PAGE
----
Home Christian News Atheist, Humanist Groups Sue Mississippi Over ‘In God We Trust’ License Plate

Atheist, Humanist Groups Sue Mississippi Over ‘In God We Trust’ License Plate

in god we trust license plate
FILE - In May 10, 2018 file photo, Clay Chandler, director of communications for Gov. Phil Bryant, holds Mississippi's new standard license plate at the Capitol in Jackson, Miss. (AP Photo/Rogelio V. Solis, File)

(RNS) — Atheist and humanist groups are suing Mississippi over the state’s “In God We Trust” license plate, calling it unconstitutional and seeking alternatives that don’t require additional fees for Mississippi drivers.

In a federal complaint filed Tuesday (June 22) in Mississippi U.S. district court, American Atheists, the Mississippi Humanist Association and three nonreligious Mississippi residents claim the state’s license plate violates nonreligious people’s freedom of speech by forcing them to display the religious message on their vehicles.

“The phrase ‘IN GOD WE TRUST’ is rooted in hostility toward non-Christians and atheists, intended to convey the message that non-belief in the Christian god is un-American,” according to the lawsuit.

Mississippi’s standard license plate has been sold since January 2019, according to The Associated Press. The center of the plate shows the state seal, which includes “In God We Trust.” Mississippi offers several specialty license plate designs for about $30 extra per year.

The suit says Mississippi car owners have to choose between displaying the state’s standard license tag on their vehicles or paying an additional fee to display a special tag of their choice.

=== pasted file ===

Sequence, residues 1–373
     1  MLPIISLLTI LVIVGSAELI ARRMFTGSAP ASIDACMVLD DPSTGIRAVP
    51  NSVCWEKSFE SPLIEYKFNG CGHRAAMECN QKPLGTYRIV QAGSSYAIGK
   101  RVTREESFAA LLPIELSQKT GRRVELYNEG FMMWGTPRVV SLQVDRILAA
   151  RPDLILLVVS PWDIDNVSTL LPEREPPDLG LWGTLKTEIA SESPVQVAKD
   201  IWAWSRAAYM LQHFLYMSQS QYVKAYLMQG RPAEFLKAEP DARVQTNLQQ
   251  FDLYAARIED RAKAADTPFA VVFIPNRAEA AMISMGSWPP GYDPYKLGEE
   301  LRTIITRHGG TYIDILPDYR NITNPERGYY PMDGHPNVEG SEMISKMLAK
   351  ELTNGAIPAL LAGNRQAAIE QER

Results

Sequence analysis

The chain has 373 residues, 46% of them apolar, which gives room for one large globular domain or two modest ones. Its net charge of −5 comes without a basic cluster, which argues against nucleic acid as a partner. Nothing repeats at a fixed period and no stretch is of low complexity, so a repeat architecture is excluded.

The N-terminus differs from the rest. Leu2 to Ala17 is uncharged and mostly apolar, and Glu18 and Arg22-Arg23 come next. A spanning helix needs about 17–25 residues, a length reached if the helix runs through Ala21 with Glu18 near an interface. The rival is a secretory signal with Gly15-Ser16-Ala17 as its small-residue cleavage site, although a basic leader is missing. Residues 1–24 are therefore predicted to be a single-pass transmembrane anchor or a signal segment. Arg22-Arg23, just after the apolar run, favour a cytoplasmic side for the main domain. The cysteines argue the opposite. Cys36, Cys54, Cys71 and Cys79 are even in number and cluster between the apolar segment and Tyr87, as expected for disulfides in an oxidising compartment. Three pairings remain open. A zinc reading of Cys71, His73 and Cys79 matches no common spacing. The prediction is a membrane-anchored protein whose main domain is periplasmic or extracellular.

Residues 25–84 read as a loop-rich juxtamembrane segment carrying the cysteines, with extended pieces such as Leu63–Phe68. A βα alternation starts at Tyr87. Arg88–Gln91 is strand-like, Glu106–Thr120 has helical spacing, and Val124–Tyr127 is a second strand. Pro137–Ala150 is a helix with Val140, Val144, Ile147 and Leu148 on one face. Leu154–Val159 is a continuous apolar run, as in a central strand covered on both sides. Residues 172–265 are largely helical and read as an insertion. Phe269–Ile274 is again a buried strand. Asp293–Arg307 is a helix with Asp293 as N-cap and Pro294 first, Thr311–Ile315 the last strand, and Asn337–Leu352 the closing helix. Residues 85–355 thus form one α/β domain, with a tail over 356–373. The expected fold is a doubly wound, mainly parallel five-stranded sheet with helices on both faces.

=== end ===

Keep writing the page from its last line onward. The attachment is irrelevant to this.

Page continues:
And there are others who don’t have another option besides the standard plate, the suit said, such as those who operate recreational vehicles, motorcycles or trailers, which must display a license tag derived from the standard tag design and with the “In God We Trust” message.

Even car owners who seek to display their own custom alphanumeric combination are forced to do so on the standard tag design with the “In God We Trust” message because paid specialty tags cannot be personalized, according to the lawsuit. Only the standard license plate can be personalized, the suit claims.

The suit notes that Mississippi law provides special tags at no additional fee to active and retired members of the U.S. armed forces, government officials, Purple Heart recipients, sheriff’s deputies, those who are hearing-impaired and others.

The complaint seeks injunctive relief against Chris Graham, commissioner of the Mississippi Department of Revenue, forbidding him from charging additional fees to Mississippi car owners “who do not wish to endorse the state’s ideological message, ‘IN GOD WE TRUST,’ by displaying it on their vehicles.”

The suit calls for an injunction prohibiting Graham from requiring any Mississippi resident — who owns a trailer, RV or motorcycle and who objects to displaying “In God We Trust” on it — to obtain a license tag derived from the standard tag with the religious message.

The lawsuit also wants those who seek to customize their plates to be able to do so without having to use the “In God We Trust” standard tag.

American Atheists, in a statement, lambasted Gov. Tate Reeves for championing the Senate’s efforts to put “In God We Trust” on the state seal back when he was a lieutenant governor in 2014.

In a subsequent campaign for governor, Reeves appeared adjusting such a license plate during a 2019 commercial in which he equated “In God We Trust” with Mississippi values.

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Molina most recently served as Journalist in Residence at the University of Southern California (USC) and as Equitable Cities Fellow at Next City. She has worked at The Press-Enterprise, La Prensa and OC Excelsior, and The Orange County Register. In 2018, she was named one of the 15 most influential Latina journalists by Latino Journalists of California. She has also received fellowships from the Center for Health Journalism at USC and the Institute for Justice and Journalism. Alejandra is a native Spanish speaker. She received her bachelor’s degree in broadcast journalism from the University of La Verne.